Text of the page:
Money, Real and Counterfeit.
1. Without looking, tell me whose picture is on a one dollar bill. What about a five dollar bill? If you know these, maybe you know the pictures on a ten, twenty or even a fifty dollar bill. If you're not sure, someone could give you a "phony" bill with the wrong picture and you'd never know the difference.
2. Do you know where the pictures on money came from? In the early days people made payments by the weight of their silver or gold. （Just think how much time you save now by paying for things with a coin or bill. You don't have to weigh out so many ounces of gold. That would surely slow down the normal pace of business today.）
3. However, the ancient Greeks and Romans used coins of a definite value like our dime or quarter. At that time, animals were pictured on the coins. You won't think that this is so unusual if you examine a nickel and see the buffalo on the back of it.
4. A little later, though, the Greeks and Romans began to put pictures of famous people on their coins. It took some time to develop a central money-making business. Because of this, people would sometimes put pictures of their own ancestors on their coins. Even though this may have been confusing at times, it's easier than trading animals for things that you need. Imagine receiving a cow as change for something you have just bought! It's much simpler to carry a purse or a wallet than to exchange one thing for another.
5. The use of coins and money grew just as civilization advanced. As time passed, civilization became much more complicated. Now a person works for a certain amount of money so that he can pay for food and clothing. He does not need to grow his own food. We're in an age of specialization. We don't have time to make our own clothes and shoes, so money is a way of trading today.
6. When we use money today, however, the actual value of the coin itself does not equal its face value. For example, a dime may not have ten cents' worth of silver in it. The paper in a dollar bill may not be worth a full dollar. Well, you might ask, how is it worth anything? The answer is that money is like a medal. It's not the money itself, but what it stands for, that gives it its value. An Olympic runner wins a medal. It is actually not worth very much, but it's the idea behind it that counts to him. It's like the half dollar in your pocket. It's what it will buy that counts, not its actual weight.
7. Money making is much more complicated now than it has ever been. That's one reason why it's harder to get away with making counterfeit money these days.
8. You might think that it would be easy to make a phony dollar bill. Many people have tried, but they haven't been very good at it. There are some good reasons for this. First of all, the pictures on American bills are in the shape of an oval; so if you see a one-dollar bill with the picture of George Washington in a circle, you can be certain that it's not a real bill. Check the eyes on the picture, too. The eyes on the picture of a real bill are sharp and clear; so there's another sign to watch for.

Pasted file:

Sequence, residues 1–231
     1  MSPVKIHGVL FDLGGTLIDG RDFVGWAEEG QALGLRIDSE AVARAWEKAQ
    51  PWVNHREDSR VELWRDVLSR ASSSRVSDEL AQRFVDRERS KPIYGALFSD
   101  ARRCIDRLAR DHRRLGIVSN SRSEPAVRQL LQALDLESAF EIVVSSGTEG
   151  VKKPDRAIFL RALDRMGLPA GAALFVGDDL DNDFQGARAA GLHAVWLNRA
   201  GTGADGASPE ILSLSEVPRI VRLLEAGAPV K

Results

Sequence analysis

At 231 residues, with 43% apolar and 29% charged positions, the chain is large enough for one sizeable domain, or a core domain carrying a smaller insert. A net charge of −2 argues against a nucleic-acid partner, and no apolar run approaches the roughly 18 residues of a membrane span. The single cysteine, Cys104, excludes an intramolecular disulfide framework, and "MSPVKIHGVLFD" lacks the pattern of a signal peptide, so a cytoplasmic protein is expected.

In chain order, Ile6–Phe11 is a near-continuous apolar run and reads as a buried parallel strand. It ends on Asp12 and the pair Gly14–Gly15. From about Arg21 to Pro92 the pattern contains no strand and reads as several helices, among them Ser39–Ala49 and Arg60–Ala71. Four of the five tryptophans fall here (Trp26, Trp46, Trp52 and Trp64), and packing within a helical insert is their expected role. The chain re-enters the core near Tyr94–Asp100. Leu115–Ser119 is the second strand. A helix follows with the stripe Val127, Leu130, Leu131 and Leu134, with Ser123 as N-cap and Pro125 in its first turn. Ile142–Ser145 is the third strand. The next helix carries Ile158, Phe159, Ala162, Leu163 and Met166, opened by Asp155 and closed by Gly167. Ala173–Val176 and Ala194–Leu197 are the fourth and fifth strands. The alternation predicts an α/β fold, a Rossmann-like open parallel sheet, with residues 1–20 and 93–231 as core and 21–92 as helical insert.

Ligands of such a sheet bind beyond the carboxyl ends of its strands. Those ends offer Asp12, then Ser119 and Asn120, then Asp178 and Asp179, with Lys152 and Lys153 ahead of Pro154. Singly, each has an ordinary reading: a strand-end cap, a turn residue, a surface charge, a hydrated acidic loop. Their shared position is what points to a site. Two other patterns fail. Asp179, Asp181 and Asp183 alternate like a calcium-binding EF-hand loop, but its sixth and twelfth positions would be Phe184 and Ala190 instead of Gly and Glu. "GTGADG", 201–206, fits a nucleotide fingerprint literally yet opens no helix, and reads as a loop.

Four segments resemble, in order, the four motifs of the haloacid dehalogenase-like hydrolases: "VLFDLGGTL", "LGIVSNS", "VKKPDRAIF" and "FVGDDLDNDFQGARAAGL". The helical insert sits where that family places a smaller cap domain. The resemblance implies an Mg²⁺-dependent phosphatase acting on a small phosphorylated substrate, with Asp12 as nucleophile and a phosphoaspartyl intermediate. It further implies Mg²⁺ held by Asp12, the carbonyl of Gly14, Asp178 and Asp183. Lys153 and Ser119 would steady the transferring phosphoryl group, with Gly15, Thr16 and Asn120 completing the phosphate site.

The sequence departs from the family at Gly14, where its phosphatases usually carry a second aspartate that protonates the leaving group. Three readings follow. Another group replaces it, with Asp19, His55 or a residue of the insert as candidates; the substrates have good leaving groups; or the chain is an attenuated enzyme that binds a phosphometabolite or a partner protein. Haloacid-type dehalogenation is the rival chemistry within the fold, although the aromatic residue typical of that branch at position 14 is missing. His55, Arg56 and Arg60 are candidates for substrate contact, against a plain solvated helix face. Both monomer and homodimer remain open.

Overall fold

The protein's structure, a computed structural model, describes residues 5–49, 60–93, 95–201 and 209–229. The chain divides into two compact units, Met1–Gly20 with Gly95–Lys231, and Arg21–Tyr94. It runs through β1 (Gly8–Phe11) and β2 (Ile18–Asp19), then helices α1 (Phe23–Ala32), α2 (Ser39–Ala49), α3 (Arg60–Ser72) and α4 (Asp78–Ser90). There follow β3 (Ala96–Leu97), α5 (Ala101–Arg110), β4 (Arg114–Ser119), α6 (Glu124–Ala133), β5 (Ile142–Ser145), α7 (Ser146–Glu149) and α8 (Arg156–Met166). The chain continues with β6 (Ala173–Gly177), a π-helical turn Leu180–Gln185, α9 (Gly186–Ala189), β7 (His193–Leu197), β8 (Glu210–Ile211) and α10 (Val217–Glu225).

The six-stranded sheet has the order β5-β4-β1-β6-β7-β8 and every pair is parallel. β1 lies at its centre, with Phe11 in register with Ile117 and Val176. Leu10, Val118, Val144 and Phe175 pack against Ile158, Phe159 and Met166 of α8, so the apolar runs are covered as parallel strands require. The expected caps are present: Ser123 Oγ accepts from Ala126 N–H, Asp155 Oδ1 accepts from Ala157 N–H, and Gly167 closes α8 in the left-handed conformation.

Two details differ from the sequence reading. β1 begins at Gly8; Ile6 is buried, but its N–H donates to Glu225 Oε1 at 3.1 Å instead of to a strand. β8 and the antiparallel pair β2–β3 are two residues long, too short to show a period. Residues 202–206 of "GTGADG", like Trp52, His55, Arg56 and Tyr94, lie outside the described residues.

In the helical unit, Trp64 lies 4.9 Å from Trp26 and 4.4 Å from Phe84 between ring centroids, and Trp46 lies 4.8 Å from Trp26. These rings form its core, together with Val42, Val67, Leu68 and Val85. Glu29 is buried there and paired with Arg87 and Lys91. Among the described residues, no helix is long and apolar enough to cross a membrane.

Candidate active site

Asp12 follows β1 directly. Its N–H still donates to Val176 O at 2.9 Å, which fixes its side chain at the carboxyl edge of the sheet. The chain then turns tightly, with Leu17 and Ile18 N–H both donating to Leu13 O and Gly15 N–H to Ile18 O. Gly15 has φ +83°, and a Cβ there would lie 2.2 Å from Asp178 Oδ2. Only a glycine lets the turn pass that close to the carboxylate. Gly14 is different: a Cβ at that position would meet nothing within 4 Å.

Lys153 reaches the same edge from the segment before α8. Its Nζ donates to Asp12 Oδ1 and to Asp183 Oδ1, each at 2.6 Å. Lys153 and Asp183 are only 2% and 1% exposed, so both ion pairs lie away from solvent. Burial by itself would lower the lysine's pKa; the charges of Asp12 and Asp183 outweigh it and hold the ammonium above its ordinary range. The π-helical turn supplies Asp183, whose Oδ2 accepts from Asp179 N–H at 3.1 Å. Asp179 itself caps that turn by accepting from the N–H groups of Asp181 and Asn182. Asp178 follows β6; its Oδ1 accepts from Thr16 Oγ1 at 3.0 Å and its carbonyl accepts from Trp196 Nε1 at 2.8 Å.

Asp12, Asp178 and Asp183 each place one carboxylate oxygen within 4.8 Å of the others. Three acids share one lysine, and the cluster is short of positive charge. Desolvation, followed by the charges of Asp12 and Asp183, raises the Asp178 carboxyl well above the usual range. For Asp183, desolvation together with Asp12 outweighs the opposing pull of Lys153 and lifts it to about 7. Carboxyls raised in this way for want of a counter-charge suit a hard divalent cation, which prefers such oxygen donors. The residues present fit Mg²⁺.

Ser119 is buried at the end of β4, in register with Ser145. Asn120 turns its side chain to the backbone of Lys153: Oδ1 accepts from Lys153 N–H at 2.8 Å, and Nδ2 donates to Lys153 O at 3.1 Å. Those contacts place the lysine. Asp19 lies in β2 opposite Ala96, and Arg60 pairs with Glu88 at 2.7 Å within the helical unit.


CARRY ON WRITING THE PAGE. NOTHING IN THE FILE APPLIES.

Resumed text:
9. Some people say that a bank teller can spot a counterfeit bill just by feeling it. If there is reason to believe that a bill is not real, there are other signs to us, though. It takes a close look, but if you check the treasury seal, you'll see that the points on a counterfeit are not quite sharp enough. The serial numbers are a third giveaway. The type use by the United States government cannot be purchased anywhere else. Since they're difficult to copy, the serial number should tip off a counterfeit bill.
10. Perhaps the most interesting part of the real bill is the border. The pattern of thin lines is made by a very special machine. The design of thin lines is so complicated that it's almost impossible to match them. Those who try usually pause some of the lines to run into each other, or else some of them blur or blot.
11. Now that you know some of the signs of a counterfeit bill, what about the pictures? Thomas Jefferson is on the two-dollar bill, and Abraham Lincoln is shown on the five. If you're not sure of a ten-dollar bill, check the picture of Alexander Hamilton. For a twenty, you should look for the picture of Andrew Jackson, and on a fifty-dollar bill, you'll see a picture of Ulysses Grant. You see, we're like the Greeks and Romans when we put pictures of famous men on our money, too. Actually, it would be ridiculous to expect a counterfeiter to put the wrong picture on a bill.
12. Have you ever seen a counterfeit coin? If a coin feels greasy, that's one of the first signs that it's not real. You can probably hear a fake coin just by dropping it on a hard surface. A counterfeit will sound dull, while a real coin will have a definite ring to it.
13. You don't need to look for trouble ail the time, but if you have reason to think a coin or bill is a counterfeit, perhaps some of these tips will help you out.